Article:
|Sylvia Julie Martínez
Somewhere along the way, you changed.
Your jeans, bigger. Your stomach, like dough. You smile less, yell more, with an occasional real smile like when you hear yourself yell at your kids to stop yelling. You used to grin at random kids when they'd run-fly through Safeway in Superman costumes in March. Now, you snap at your own kids when they touch the moving black and sticky conveyor belt for fear of their catching a superbug. You have fear where you had hope, and you hope your fears won't grow a face, praying your 4 year-old son won't need that kidney biopsy, and that your slender 8 year-old daughter won't worry her butt's too big too soon.
Somewhere along the way, you stopped dancing, couldn't even hear the music anymore. The rhythmic Spanish music and loud hip hop music you used to feel to your spleen stopped like a DJ whose system's power was accidentally tripped.
You stopped looking in mirrors. Too busy dressing up your own kids in clothes that seem to shrink every month, and too busy making sure your husband's deodorants are stocked, and also the Ensures, the chocolate ones he likes to drink driving to BART.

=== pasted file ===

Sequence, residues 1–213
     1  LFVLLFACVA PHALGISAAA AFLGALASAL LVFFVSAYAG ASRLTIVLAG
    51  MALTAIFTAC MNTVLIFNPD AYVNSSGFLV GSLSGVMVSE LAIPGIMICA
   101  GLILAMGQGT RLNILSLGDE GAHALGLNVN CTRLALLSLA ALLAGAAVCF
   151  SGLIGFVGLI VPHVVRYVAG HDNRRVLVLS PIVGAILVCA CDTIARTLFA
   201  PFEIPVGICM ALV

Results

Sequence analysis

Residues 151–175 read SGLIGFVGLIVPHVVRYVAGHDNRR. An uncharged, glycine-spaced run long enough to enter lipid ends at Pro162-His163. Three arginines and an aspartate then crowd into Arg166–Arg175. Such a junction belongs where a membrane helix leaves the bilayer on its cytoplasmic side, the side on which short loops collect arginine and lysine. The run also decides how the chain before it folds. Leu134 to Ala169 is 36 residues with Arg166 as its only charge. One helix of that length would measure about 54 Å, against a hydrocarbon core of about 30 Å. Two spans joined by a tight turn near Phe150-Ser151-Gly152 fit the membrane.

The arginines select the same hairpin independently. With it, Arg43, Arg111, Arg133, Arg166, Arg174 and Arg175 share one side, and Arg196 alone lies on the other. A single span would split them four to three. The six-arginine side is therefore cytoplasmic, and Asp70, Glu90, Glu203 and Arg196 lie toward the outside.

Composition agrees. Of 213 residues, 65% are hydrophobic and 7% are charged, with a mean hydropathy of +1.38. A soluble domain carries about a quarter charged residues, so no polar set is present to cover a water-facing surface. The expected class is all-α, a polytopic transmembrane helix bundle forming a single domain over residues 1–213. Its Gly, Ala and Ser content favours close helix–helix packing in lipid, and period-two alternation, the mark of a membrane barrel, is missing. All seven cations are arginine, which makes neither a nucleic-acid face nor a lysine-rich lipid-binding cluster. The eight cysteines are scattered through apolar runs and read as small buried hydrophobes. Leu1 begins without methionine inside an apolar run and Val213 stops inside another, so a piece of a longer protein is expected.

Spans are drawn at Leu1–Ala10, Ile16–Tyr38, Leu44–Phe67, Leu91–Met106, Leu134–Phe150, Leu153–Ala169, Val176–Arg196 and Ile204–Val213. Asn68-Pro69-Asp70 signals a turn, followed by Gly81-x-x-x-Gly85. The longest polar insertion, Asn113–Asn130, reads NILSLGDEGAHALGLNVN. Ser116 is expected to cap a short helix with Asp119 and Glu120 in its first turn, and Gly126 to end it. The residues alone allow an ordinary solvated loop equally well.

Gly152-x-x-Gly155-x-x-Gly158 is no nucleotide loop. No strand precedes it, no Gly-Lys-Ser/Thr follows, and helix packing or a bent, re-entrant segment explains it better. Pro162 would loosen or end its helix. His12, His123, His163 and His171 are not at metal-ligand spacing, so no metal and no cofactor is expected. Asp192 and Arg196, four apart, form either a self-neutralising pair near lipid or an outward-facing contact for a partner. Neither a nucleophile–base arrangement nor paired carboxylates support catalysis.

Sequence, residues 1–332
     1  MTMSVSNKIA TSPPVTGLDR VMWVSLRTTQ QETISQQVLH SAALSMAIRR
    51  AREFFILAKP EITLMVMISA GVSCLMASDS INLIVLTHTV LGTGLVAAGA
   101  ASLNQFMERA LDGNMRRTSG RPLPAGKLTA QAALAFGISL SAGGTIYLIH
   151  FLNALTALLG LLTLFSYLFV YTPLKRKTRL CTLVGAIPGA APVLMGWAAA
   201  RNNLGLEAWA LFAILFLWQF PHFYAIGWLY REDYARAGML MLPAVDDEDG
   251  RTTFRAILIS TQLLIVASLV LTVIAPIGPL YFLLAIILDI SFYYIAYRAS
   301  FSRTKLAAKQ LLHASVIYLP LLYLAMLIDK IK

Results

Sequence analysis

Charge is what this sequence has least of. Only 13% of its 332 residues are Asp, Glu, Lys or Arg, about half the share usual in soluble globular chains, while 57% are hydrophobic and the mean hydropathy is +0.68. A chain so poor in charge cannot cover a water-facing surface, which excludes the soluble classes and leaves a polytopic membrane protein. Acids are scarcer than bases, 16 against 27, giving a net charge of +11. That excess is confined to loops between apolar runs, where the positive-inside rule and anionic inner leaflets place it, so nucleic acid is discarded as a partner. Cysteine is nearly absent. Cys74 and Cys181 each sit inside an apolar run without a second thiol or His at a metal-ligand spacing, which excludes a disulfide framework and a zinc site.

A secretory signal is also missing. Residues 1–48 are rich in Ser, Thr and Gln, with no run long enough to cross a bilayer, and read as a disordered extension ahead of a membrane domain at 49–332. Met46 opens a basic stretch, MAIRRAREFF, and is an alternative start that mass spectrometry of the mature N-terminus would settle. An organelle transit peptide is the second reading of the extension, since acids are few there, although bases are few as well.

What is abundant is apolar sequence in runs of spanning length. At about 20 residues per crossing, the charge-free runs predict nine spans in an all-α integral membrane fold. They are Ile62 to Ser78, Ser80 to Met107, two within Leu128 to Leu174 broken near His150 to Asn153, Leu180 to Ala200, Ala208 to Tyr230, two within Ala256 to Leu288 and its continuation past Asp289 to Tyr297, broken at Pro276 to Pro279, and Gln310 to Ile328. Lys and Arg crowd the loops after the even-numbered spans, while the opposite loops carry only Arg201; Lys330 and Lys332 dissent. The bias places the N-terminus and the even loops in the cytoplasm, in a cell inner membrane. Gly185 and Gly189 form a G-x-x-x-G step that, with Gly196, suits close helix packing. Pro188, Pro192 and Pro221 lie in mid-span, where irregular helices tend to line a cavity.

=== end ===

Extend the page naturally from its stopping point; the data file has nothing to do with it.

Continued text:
You don't effin swear anymore, even banning the word "stupid" for fear the kids will hear you, for fear they will become you.
Then one day, you spy a person in a mirror your housekeeper just cleaned.
"What the heck (hell) happened to you?"
You remember the half-marathons you ran, the size 6 (okay 8) jeans you used to flaunt that made your husband, and even other people's husbands, open café doors for you. You remember the long hair you used to let the sun dry while reading a book (one that didn't also have an illustrator's name on the cover) in the backyard. You remember the teaching job you had with benefits and direct deposit, the one that gave you a sense of your UC degree being literally worth something.
You love your kids, there is no question. And you are still madly in love with your intelligent, hat-to-the-back-on-the-weekend husband. But you realize you don't have to stop loving yourself, too.
So you start running again, growing out your hair and even playing with color, blasting your music driving to your part-time job, dancing as much as a sitting position allows, swearing like your retired, sailor dad (okay, maybe not), and you find a pair of jeans that make you feel good about your butt again.
Then you sign up for a writing class taught by some take-no-crap (he'd say shit) professor at a college with a name-identity-crisis, and he makes you remember the fire you carry in you (allusion to the Road, not purple, professor).
Now you smile more than yell, making the husband and kids smile more.
But the conveyor belt, still a hands-off zone.